North Korea is getting increasingly angry at the US, as talks are deadlocked and tensions between the two countries are on the rise, a source familiar with the discussions told CNN.
US and foreign sources close to the talks paint a picture that’s starkly different from the image President Donald Trump sought to convey Wednesday, when he told reporters the administration is “very happy with how it’s going with North Korea. We think it’s going fine.”
Trump had been asked about the administration’s announcement, in the middle of the night as Tuesday’s midterm elections results were coming in, that Secretary of State Mike Pompeo’s Thursday meeting with a key aide to North Korean leader Kim Jong Un had been postponed.
“We’re very happy with how it’s going with North Korea. We think it’s going fine. We’re in no rush. We’re in no hurry,” Trump told reporters at a White House press conference. “The sanctions are on. The missiles have stopped. The rockets have stopped. The hostages are home. The great heroes are home.”
South Korean Foreign Minister Kang Kyung-wha told lawmakers in Seoul Tuesday that she was told the North Koreans asked the US to postpone the talks, citing their busy schedules. A senior US official told CNN the North Korean delegation called Tuesday to postpone the meeting, but did not offer a clear explanation.
Another source familiar with the US-North Korea talks and familiar with North Korean thinking said Pyongyang canceled because it came to the conclusion that it wasn’t going to get anywhere with working level talks – either through the Washington’s special representative for North Korea, Stephen E. Biegun, or through Pompeo himself.
US military officials, foreign diplomats and sources familiar with developments say the two sides are locked in a standoff over who will make concessions first, that the Democratic People’s Republic of Korea is “really angry” about the US refusal to offer sanctions relief and that personal friction between US and North Korean negotiators may be slowing progress.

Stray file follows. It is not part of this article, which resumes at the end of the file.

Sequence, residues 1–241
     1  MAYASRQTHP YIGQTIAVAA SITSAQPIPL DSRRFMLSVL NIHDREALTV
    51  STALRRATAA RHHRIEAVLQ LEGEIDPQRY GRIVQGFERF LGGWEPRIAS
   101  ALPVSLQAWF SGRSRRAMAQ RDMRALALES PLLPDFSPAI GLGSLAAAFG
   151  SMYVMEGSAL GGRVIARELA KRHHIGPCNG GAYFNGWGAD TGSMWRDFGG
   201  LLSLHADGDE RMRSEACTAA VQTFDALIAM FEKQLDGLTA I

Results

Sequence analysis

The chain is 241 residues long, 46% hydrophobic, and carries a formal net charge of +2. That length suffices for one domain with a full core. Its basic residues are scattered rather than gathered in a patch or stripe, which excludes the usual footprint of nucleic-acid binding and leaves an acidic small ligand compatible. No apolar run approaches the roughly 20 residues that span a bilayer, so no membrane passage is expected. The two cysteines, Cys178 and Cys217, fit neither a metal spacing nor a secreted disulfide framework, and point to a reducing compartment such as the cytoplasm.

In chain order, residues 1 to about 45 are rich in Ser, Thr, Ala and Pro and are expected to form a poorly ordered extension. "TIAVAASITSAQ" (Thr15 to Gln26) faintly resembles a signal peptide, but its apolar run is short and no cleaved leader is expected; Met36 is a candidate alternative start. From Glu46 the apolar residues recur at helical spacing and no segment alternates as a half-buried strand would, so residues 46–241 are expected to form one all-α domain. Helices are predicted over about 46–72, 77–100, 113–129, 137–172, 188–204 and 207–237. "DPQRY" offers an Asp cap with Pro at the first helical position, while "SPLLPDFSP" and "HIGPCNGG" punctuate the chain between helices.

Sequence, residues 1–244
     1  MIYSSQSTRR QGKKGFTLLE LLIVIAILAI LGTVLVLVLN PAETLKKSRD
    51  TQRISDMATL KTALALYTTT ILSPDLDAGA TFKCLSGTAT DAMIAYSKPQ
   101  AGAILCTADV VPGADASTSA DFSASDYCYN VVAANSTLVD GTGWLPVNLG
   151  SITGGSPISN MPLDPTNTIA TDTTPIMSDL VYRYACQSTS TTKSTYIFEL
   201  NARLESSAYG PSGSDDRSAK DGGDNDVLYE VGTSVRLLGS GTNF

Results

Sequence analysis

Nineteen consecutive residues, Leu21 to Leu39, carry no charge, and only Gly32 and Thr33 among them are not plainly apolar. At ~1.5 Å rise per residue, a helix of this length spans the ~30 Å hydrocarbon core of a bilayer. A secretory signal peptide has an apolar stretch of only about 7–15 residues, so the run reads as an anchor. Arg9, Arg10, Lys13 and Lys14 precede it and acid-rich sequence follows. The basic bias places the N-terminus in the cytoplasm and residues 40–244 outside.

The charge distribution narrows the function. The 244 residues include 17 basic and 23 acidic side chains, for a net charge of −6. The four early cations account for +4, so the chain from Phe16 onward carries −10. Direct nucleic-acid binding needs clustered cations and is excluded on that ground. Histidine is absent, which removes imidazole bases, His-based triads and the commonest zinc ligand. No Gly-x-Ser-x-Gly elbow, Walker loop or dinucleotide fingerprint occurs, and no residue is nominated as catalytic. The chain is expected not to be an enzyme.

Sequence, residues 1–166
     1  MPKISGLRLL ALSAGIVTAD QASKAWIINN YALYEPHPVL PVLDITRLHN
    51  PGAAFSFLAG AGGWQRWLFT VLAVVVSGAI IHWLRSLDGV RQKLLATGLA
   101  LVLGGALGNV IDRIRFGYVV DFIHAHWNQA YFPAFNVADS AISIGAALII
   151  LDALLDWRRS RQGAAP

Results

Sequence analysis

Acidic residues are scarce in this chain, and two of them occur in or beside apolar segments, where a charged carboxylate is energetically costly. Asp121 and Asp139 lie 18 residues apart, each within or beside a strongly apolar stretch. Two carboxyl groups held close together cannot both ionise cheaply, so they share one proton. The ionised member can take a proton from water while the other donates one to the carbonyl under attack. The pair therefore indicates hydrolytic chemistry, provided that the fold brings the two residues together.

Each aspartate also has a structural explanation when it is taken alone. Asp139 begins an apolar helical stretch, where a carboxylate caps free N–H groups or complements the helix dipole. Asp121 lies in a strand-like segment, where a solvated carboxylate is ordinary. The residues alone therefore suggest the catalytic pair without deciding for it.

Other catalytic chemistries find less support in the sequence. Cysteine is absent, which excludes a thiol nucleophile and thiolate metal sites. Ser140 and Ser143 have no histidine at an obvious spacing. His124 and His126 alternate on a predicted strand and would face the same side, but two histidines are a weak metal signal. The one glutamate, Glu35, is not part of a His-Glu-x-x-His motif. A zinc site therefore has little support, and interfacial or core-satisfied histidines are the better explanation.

“It doesn’t bode well for the negotiations, which were already not proceeding well,” said Bruce Klingner, a senior fellow at the Heritage Foundation.
A former CIA deputy division chief for Korea, Klingner pointed to North Korea’s recent threat to restart “building up nuclear forces” if the US didn’t ease sanctions, the fact that Pyongyang has yet to meet Pompeo’s Special Representative for North Korea, Stephen Biegun, and that the two countries still haven’t agreed on the definition of basic terms such as “denuclearlization” – five months after Trump’s historic summit with Kim.
“Clearly the two sides remain very far apart,” Klingner said.
A source familiar with the ongoing dance between officials in Washington and Pyongyang said that North Korea is “getting really angry” over the lack of any offer of sanctions relief from the US and that their stance is that the US “must make a move before we make the next one.”
North Korea’s state media outlet KCNA said November 2: “We gave all things possible to the US, things it hardly deserves, by taking proactive and good-will measures, what remains to be done is the US corresponding reply. Unless there is any reply, the DPRK will not move even 1 mm, how costly it may be.”